2. Kite type: C-kite vs bow

A common question is, which of C kites and bow kites are better for big air?  The short answer is, a C-kite will usually pop stronger but won’t glide as much, whereas a bow kite will generally not pop as much but will glide longer.

C-kites are fast, really boost you off the water and give you a great initial lift.  However, they don’t have as much projected area to naturally keep you floating – projected area is best seen as the surface of your kite’s shadow when held parallel to the ground at noon, eliminating the curvature factor.

So a C-kite will generally go down faster, which is NOT what you want for big airs.  On the other hand, a C-kite is easier/faster to redirect and more predictable to kiteloop, which is an asset for a skilled rider to perform a soft landing.

Hybrid kites are a good middle ground choice for an average rider, giving you the best of both worlds – good pop while maximizing airtime.  A hybrid will also have less bar pressure than a C-kite.  Most big air riders with top 10 scores ride hybrid type kites vs pure C or bow kites (see last section below)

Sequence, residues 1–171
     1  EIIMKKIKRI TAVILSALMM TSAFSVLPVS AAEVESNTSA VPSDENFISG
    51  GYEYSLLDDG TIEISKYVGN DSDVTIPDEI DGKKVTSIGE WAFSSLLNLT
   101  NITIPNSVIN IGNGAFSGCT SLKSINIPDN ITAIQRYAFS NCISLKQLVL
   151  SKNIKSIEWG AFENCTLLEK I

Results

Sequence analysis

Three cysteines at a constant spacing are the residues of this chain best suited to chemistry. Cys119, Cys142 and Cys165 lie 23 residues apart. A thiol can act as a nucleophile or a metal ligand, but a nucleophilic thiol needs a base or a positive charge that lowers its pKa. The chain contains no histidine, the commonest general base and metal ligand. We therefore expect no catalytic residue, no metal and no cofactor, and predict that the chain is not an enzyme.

3. Kite shape: aspect ratio

This is where the debate gets hotter as many riders have different views depending on their preferences and skill level.

Quick reminder of the what the aspect ratio is: it refers to the overall shape of the kite.  High aspect = a long and thin kite, low aspect = a short and “fat” kite.  Here are the main takeaways for each with regards to big air capabilities:

High aspect ratio kites (e.g. Ozone Edge, Flysurfer):

  • Glide very well like wings => travel further and longer in the air.  Great hang time
  • Boost very high but require more speed (board and kite).  More technical
  • Fast moving across the window => easy to redirect and kiteloop
  •  Don’t float as well => harder landings unless rider re-sends kite in the window

Low aspect kites (e.g. Naish Park, North Evo, RRD Obsession)

  • Good float => slower descent like a parachute, softer landings
  • Turn faster => you can use that speed to redirect into the power zone and get more height
  • Can boost with less speed
  • Less lift and less glide (travel)